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Biomedicine in museums

Separating biomedical artefacts from their supporting contexts

A propos things that do not talk—last week Herwig Turk and Paulo Pereira (see earlier post here) opened an exhibition in Maribor, Slovenia:

The exhibit has been created within the framework of their blindspot-project, an interdisciplinary art-research project about perception, which they are continuously developing together with Günter Stöger, Beatriz Cantinho and Patrícia Almeida:

The project aims at investigating perception in a broad and global sense, as well as its circumstances, its determinants, and its contingencies. The proceedings in the laboratories for research in vision sciences are translated into different settings, thereby creating a meta-language that crosses the traditional boundaries between science and art. At the same time, a new heterotopic space for experimentation is created where objects, gestures, and language acquire new dimensions having been separated from their supporting contexts. The approach used by the authors of blindspot adopts the formal structure of a research project. The starting point is the hypothesis that science represents an imperfect means whereby perception is used as a privileged means to assess reality (“an improved means to an unimproved end”) (Thoreau, 1854). (my underline)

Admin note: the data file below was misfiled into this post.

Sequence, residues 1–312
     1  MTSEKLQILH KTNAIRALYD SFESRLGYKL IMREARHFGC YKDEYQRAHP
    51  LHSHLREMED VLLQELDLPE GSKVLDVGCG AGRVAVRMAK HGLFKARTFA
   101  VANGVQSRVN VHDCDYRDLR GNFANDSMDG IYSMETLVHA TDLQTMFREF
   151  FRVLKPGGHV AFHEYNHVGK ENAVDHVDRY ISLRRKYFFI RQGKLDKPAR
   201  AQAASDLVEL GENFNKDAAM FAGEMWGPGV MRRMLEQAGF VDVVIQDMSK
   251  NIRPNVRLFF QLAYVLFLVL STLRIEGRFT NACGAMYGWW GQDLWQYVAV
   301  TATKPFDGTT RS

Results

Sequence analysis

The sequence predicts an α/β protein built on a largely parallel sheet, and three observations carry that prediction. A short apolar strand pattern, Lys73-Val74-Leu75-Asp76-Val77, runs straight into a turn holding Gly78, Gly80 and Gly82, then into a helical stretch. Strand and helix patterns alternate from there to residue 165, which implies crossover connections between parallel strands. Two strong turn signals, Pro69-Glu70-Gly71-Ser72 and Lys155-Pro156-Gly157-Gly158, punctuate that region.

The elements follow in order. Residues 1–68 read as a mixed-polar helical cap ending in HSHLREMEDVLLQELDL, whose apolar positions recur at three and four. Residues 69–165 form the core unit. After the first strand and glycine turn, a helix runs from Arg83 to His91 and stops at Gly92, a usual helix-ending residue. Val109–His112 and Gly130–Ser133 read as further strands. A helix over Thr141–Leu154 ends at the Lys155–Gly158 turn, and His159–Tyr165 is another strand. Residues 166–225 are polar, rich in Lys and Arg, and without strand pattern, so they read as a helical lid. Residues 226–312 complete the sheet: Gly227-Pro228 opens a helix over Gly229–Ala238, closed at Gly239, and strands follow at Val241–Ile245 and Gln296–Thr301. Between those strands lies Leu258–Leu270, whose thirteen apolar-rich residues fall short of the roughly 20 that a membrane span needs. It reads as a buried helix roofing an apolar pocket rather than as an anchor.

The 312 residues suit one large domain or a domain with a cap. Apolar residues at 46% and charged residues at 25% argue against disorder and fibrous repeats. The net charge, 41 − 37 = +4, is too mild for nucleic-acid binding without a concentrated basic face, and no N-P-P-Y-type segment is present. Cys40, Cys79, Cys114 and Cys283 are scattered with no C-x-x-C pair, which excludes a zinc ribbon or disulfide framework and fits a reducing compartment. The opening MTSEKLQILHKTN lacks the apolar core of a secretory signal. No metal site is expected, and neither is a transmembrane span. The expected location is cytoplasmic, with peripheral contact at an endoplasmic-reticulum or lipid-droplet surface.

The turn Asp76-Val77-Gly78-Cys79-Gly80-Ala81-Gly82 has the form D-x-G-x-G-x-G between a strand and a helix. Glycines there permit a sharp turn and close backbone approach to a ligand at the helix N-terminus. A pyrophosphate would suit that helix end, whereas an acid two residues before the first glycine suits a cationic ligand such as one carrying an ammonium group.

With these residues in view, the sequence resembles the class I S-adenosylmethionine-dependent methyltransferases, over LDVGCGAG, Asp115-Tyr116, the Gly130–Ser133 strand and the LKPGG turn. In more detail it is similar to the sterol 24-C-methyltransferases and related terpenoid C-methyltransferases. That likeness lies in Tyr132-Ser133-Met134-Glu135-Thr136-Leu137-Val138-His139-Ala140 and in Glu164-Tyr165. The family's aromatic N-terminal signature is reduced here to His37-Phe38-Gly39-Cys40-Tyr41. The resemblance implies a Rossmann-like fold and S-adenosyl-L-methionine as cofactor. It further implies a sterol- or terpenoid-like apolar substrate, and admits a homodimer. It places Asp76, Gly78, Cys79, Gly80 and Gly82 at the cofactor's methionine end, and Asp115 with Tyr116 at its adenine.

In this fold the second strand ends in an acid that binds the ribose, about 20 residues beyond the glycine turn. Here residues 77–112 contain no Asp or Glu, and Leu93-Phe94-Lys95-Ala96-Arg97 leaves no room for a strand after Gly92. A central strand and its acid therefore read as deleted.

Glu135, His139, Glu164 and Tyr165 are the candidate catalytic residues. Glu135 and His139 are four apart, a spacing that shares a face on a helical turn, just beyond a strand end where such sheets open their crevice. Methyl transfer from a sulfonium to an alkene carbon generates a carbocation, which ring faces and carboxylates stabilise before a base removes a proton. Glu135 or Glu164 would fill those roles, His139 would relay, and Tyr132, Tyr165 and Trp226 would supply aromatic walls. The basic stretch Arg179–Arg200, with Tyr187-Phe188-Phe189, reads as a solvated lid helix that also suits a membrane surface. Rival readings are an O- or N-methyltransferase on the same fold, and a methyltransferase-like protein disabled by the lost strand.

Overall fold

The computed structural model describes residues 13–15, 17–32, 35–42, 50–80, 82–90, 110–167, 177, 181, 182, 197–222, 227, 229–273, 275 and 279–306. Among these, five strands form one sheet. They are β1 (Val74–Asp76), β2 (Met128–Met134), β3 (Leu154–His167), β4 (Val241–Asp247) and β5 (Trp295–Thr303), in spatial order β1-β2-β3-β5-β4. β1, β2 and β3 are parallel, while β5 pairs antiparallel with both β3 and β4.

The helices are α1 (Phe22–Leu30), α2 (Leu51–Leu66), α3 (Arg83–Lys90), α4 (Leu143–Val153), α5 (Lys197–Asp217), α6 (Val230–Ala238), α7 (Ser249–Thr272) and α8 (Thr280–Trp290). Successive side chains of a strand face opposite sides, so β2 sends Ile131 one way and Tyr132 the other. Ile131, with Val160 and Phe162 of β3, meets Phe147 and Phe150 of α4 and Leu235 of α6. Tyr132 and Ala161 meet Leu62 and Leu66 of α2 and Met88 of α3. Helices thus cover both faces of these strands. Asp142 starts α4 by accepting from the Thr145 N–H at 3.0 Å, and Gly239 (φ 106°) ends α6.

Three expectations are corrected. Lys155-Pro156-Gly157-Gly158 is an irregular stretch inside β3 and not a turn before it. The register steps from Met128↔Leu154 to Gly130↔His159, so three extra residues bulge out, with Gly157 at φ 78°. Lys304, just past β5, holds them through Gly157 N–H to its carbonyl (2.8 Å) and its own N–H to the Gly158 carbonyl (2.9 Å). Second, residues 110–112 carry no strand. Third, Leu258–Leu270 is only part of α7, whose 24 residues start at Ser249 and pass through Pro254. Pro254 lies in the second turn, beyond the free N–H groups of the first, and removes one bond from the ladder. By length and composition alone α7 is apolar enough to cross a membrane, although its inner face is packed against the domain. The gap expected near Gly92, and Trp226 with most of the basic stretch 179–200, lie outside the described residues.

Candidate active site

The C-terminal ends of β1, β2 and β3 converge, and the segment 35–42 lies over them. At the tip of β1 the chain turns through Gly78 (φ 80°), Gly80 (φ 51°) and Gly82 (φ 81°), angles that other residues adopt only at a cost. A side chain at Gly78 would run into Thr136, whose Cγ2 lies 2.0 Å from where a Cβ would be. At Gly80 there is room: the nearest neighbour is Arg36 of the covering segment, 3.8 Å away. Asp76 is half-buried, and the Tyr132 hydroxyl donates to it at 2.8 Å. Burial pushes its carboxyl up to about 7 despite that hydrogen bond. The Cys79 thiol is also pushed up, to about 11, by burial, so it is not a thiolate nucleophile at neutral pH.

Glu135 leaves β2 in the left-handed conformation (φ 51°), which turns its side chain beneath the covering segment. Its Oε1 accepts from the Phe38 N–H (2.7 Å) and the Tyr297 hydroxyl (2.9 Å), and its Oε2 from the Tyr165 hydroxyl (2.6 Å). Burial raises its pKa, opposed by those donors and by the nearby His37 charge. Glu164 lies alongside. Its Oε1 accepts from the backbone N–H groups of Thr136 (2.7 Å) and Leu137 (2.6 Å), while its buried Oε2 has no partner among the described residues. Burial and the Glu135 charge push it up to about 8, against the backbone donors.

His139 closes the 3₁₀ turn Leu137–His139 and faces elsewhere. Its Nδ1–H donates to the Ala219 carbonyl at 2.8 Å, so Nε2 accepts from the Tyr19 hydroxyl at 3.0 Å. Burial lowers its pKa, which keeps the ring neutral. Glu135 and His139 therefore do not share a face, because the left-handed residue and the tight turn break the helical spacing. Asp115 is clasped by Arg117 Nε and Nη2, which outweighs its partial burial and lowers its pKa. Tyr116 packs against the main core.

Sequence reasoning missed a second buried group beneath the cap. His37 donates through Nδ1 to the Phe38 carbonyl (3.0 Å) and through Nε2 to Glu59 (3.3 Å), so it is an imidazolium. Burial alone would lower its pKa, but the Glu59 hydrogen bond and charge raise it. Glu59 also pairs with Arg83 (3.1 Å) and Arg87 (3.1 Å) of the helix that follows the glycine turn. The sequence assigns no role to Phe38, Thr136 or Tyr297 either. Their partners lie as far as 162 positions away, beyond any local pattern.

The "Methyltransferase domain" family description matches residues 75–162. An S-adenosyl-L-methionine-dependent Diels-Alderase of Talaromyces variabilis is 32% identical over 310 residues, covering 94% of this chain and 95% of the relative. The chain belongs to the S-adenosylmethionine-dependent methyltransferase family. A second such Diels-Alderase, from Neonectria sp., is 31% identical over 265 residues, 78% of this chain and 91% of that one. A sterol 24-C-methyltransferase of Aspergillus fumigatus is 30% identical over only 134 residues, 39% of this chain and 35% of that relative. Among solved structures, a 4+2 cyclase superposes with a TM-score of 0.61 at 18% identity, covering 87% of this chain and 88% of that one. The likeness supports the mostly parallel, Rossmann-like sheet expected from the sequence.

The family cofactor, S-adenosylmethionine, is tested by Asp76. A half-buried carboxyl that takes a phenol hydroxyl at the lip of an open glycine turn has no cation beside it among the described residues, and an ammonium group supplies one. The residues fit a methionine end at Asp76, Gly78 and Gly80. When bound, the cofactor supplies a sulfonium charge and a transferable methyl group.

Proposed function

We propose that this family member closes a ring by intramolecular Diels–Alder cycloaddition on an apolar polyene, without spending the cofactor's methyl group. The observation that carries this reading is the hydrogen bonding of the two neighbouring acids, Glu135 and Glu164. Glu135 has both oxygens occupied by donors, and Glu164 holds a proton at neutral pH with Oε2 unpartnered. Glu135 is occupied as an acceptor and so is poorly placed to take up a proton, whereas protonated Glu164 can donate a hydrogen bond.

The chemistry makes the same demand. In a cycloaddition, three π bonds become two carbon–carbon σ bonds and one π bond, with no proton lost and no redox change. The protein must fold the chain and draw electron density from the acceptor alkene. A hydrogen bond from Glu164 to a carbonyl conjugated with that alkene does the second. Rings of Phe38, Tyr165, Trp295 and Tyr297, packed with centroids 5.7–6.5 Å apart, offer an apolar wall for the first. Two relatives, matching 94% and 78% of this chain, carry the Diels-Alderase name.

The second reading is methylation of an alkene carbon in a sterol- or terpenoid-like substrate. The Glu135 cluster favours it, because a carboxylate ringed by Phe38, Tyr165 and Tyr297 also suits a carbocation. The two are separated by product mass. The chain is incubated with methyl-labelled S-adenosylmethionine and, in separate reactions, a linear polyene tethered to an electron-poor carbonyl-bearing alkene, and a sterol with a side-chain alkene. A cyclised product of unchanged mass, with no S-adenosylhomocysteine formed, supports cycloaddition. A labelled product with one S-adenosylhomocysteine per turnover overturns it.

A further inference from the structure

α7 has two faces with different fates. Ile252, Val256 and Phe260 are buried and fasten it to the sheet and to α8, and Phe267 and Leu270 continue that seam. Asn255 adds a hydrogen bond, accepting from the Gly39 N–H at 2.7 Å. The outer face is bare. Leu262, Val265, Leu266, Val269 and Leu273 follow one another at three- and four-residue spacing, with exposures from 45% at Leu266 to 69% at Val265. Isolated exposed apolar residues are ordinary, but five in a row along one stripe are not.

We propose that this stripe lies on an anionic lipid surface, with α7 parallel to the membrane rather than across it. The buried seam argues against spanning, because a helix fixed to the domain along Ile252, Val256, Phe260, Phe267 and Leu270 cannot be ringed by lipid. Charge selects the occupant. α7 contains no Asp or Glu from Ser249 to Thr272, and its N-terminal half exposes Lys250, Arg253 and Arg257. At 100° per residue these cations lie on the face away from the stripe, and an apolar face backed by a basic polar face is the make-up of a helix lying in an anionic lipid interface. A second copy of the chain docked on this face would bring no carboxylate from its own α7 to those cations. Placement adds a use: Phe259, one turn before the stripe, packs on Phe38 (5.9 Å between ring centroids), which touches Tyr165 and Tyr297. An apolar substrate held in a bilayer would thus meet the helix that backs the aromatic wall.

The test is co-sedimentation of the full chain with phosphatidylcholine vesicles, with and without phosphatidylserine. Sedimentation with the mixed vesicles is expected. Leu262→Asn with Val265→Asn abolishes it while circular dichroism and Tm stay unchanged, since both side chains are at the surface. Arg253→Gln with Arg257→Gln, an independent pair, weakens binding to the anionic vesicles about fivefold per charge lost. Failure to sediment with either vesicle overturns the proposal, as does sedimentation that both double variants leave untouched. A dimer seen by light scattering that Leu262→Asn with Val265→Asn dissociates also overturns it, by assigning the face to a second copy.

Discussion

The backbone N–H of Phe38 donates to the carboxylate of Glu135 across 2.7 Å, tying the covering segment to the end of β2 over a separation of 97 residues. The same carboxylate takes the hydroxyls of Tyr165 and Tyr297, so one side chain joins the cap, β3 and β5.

After decades of Contextualisation this aim—separating objects from their supporting contexts—feels fresh.

The exhibition will be on display until 19 March. Time for a trip to Slovenia!

Thomas Söderqvist

Author Thomas Söderqvist

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